Richard Blakeway, Housing Ombudsman 

I think one thing, thinking of your previous question around the call for evidence, and what we saw through that – one thing, which came across strongly through the call for evidence, and you can also see in some of the casework that we handle is this issue around residents feeling that somehow blamed for occurrences of damp, or mould – and this use of the word lifestyle, that it’s the result of lifestyle choices, when in fact, the choices may be very limited for that household. That came across very strongly in the call for evidence. And that was something which we labelled the kind of systemic issue that we found when we did this investigation, there really needs to be a revaluation of how information and communication with residents was undertaken. I think getting the diagnosis right is critical. And an effective diagnosis and then acting on any recommendations from an independent report is critical. Maladministration was often driven by inaction or excessive delays, as well as those kind of communication issues. And then also within all of this is how proactive a landlord is. And we found that many landlords were quite reactive to the issue – reactive to residents reporting occurrences of damp and mould rather than necessarily having a proactive approach to ensuring, as far as possible that the issue was prevented.

 

Catherine Ryder, Director of Policy and Research at the National Housing Federation 

Great, thank you. And in the report, you talk about how landlords might get to the bottom of issues that people don’t necessarily proactively report to them. What’s the approach that you think landlords should take to make sure that they’ve got a view across all of the homes that they own and manage rather than, as you say just waiting for cases to be reported to them?

 

Richard Blakeway, Housing Ombudsman 

One of the things which we say in this report, and it’s one of the central themes for this report, is this idea that there should be a zero tolerance approach to addressing damp and mould. And by that we mean a really proactive approach to addressing damp and mould. And this is an area where we have seen some good practice. And obviously, many landlords over the last few months have been thinking about how they respond to this issue and how they could potentially strengthen their response to the issue. One piece of best practice that I think we saw was a landlord, when they do an inspection of one property, is also inspecting neighbouring properties, to understand the full extent of the damp and mould and seeing whether actually, there’s something that they should be doing beyond responding to the individual home which has been reported to them. And I think that combined with a data driven intelligence led approach to thinking about the buildings that a landlord is responsible for, is absolutely critical to addressing damp and mould and should also be part of wider stategies particularly in relation to net zero.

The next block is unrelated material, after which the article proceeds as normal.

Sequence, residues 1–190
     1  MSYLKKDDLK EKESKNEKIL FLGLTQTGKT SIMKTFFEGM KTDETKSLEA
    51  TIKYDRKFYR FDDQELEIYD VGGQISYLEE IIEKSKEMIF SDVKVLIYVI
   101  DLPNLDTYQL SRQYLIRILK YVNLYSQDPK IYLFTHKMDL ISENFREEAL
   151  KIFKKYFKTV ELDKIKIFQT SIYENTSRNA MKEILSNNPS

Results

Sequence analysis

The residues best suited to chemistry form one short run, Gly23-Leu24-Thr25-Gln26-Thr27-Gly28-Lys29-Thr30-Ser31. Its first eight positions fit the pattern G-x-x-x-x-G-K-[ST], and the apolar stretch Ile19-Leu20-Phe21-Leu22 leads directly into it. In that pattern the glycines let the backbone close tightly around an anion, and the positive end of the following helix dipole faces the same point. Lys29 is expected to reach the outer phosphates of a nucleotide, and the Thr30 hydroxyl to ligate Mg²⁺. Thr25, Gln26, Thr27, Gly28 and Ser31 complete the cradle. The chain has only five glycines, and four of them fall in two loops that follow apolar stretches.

Catherine Ryder, Director of Policy and Research at the National Housing Federation 

I’m glad you mentioned the zero tolerance approach, because we’re always going to get cases of damp and mould, aren’t we? So, in your view is a zero tolerance approach realistic and presumably by zero tolerance, you don’t mean there should never be any other cases of damp and mould, because certainly looking at the Housing Association sector, with the millions of homes that we own and manage, there are always going to be cases on there.

 

Richard Blakeway, Housing Ombudsman